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Revista Española de Enfermedades Digestivas

Print version ISSN 1130-0108

Rev. esp. enferm. dig. vol.106 n.5 Madrid May. 2014




Severe colonic stricture related to acute pancreatitis

Obstrucción colónica secundaria a pancreatitis aguda


Key words: Intestinal obstruction. Acute pancreatitis.

Palabras clave: Obstrucción intestinal. Pancreatitis aguda.


Dear Editor,

Large bowel involvement in pancreatic disorders is uncommon with roughly 30 cases described in the literature, being even rarer acute pancreatitis associated colonic complications. We present herein a case of colonic stricture resulting in obstructive symptoms that complicated the course of acute pancreatitis.


Case report

A 43-year-old woman in the waiting surgical list for cholelithiasis and large hepatic adenoma (6.7 cm x 5.3 cm x 6.8 cm, in segment II-III) presented with severe abdominal pain, nausea and vomiting. Blood biochemistry was normal except for a marked rise in serum amylase at 3315 UI/L (normal, 25-115 UI/L). An abdominal ultrasound revealed cholelithiasis and dilated bile ducts, as well as an enlarged pancreas. A diagnosis of acute pancreatitis was then made. The subject did not meet any Ransom criteria. Initial outcome was complicated with acute renal failure and she was admitted to the intensive care unit. An abdominal CT scan was compatible with an acute pancreatitis Balthazar’s grade E. Late outcome was stormy as the subject developed Klebsiella pneumoniae sputum positive culture pneumonia with pleural effusion, urinary tract infection secondary to Candida albicans, and catheter sepsis with Staphylococci haemolyticus identified in blood cultures. In addition, she also developed thrombosis in catheterized internal jugular and right subclavial veins and severe protein malnutrition. Enteral nutrition was then tried but could not be kept because of recurrent vomiting and abdominal distention. A CT scan revealed complex fluid collections in right psoas as well as severe stricture in the right colonic angle with thickened folds and several fistulas then confirmed in a barium enema (Fig. 1). Because the subject was unresponsive to conservative management she underwent a surgical ileo-colical by-pass, cholecystectomy and resection of hepatic adenoma. At the time of this report, she is asymptomatic and abdominal CT scan reveals no abnormalities.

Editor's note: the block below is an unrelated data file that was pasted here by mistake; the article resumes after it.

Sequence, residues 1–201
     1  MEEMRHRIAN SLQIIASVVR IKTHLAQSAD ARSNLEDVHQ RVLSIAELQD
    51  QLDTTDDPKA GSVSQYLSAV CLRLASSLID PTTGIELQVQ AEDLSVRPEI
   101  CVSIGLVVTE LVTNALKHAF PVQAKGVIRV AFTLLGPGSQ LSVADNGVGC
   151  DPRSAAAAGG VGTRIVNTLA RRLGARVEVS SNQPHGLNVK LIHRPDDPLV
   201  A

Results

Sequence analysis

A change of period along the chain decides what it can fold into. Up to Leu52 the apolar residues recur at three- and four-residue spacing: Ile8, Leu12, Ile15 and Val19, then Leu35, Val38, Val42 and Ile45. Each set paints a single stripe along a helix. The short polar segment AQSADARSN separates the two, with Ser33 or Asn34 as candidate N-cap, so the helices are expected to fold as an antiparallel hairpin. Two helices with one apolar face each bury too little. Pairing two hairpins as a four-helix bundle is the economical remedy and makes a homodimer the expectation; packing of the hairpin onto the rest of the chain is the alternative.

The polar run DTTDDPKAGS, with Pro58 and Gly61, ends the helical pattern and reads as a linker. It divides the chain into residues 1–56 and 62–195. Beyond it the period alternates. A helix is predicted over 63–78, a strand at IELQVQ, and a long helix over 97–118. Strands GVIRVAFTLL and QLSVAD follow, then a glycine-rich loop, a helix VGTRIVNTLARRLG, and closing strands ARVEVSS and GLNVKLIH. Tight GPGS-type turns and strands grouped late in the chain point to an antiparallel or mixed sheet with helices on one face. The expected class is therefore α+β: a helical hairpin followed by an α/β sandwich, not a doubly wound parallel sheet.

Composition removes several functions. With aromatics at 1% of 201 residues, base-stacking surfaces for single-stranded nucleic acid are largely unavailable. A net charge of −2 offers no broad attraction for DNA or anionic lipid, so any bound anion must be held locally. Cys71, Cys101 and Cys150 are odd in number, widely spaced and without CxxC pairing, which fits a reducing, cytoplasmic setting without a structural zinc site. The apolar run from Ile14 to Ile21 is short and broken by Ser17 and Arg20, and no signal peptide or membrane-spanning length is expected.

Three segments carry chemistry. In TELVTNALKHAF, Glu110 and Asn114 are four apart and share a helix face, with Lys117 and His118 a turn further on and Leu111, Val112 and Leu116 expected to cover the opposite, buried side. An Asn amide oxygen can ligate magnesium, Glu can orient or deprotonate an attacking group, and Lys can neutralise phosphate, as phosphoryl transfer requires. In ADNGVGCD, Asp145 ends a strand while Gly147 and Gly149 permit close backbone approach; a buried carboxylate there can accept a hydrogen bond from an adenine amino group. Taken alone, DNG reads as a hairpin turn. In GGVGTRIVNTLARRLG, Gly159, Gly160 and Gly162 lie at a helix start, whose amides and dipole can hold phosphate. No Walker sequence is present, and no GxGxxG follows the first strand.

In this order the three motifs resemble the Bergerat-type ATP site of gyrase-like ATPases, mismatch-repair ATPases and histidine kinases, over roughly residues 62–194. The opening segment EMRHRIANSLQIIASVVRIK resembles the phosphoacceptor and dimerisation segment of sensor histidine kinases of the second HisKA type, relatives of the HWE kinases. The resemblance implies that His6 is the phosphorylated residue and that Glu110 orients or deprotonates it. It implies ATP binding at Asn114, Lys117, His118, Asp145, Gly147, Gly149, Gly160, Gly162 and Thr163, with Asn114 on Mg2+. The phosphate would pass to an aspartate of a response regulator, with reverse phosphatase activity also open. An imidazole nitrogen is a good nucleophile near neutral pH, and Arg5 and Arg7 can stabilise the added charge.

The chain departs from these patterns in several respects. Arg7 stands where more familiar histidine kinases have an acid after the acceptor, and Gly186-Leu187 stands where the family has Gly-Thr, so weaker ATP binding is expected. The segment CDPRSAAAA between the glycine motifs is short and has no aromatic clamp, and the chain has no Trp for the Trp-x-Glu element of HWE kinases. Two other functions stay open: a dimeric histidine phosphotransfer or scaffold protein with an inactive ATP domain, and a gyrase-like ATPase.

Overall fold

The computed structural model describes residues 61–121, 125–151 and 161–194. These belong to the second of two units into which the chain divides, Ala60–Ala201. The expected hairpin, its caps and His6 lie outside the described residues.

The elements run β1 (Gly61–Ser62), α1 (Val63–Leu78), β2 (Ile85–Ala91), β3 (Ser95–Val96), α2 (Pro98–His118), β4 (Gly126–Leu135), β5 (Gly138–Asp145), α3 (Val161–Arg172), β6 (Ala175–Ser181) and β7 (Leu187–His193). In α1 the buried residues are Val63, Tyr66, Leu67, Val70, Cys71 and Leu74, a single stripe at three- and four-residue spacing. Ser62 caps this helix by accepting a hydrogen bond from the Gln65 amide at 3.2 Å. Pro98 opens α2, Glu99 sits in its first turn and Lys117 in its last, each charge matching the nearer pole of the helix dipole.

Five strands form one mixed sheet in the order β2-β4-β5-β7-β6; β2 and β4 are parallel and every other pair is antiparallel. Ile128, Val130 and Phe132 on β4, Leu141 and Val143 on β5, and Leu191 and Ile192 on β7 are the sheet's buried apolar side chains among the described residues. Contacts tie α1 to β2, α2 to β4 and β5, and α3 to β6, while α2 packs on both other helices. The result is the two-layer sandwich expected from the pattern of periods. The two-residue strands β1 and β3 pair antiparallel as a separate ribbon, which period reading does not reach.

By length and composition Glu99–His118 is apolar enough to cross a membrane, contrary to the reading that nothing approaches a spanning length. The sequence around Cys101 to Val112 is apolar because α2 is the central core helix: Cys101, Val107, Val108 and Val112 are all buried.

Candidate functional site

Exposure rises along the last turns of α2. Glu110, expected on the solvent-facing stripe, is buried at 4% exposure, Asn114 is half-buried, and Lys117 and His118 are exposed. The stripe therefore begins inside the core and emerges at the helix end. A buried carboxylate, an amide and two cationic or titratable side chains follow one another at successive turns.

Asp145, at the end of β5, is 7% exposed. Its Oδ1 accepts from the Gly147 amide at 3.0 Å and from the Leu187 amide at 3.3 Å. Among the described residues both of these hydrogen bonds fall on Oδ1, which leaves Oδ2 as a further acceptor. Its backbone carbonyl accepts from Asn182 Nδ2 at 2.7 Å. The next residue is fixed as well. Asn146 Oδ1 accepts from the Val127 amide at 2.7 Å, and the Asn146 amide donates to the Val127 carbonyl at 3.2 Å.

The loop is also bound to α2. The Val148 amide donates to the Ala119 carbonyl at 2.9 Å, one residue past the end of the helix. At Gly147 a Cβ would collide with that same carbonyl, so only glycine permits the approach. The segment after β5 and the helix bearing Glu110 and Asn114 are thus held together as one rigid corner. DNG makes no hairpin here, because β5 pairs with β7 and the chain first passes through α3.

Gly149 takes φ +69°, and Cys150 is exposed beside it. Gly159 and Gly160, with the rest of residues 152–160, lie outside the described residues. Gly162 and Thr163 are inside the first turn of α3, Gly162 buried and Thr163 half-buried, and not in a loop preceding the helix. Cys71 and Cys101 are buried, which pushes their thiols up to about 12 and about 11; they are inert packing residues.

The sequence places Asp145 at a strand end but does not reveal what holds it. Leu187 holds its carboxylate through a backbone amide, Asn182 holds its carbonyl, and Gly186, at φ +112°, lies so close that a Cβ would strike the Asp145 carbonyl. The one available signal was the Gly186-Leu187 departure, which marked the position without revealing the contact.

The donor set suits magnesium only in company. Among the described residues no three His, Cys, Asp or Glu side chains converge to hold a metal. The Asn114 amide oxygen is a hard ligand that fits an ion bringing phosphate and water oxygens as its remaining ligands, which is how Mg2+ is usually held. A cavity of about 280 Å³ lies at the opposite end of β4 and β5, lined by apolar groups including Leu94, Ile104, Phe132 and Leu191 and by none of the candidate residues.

Acute pancreatitis is an inflammatory process that eventually can affect others organs in vicinity (1). Colonic involvement in acute pancreatitis, however, is very uncommon not exceeding 1 % of the cases (2) regardless the etiology of the process (3,4). The most frequent sites of colonic involvement are the transverse, hepatic and splenic angle, probably due to anatomic proximity (3,4). Various pathogenic mechanism have been proposed: a) Direct spreading of pancreatic enzymes to the mesocolon through the retroperitoneal space; b) thrombosis or compression of mesenteric arteries leading to ischemic necrosis of the colon; and c) the combination of severe systemic hypotension leading to ischemia in the junction of median and left colonic artery as well as the hypercoagulability status typical of serious pancreatitis (2-4). Nevertheless, pathological findings including pericolitis and fat necrosis point toward direct enzymatic spreading (2). Clinically, colonic complications present like abdominal pain or mostly like sub-obstructive abdominal symptoms and the diagnosis is often difficult (3,4). The appropriate management of colonic involvement in acute pancreatitis requires the resection of the affected segment sometimes in association with a temporary colostomy. Nevertheless, in many instances a laparotomy is necessary to reach a diagnosis and to decide the best surgical alternative (2,3).


Aida Ortega-Alonso, Blanca Ferreiro-Argüelles, Manuel Jiménez-Moreno,
Josefa Calle-Calle and Raúl J. Andrade-Bellido

UGC Digestive Diseases. Instituto de Biomedicina de Málaga (IBIMA).
Hospital Universitario Virgen de la Victoria. Universidad de Málaga. CIBERehd. Málaga, Spain



1. Lujano-Nicolas LA, Perez-Hernandez JL, Duran-Perez EG, Serralde-Zuniga AE. Correlación entre criterios clínicos, bioquímicos y tomográficos para evaluar la gravedad de la pancreatitis aguda. Rev Esp Enferm Dig 2010;102:376-80.         [ Links ]

2. Van Minnen LP, Besselink MG, Bosscha K, Van Leeuwen MS, Schipper ME, Gooszen HG. Colonic involvement in acute pancreatitis. A retrospective study of 16 patients. Dig Surg 2004;21(1):33-8; discussion 9-40.         [ Links ]

3. Gardner A, Gardner G, Feller E. Severe colonic complications of pancreatic disease. J Clin Gastroenterol 2003;37:258-62.         [ Links ]

4. Pascual M, Pera M, Martinez I, Miquel R, Grande L. Oclusión intestinal secundaria a pancreatitis que mimetiza una neoplasia estenosante del ángulo esplénico del colon. Gastroenterol Hepatol 2005;28:326-8.         [ Links ]

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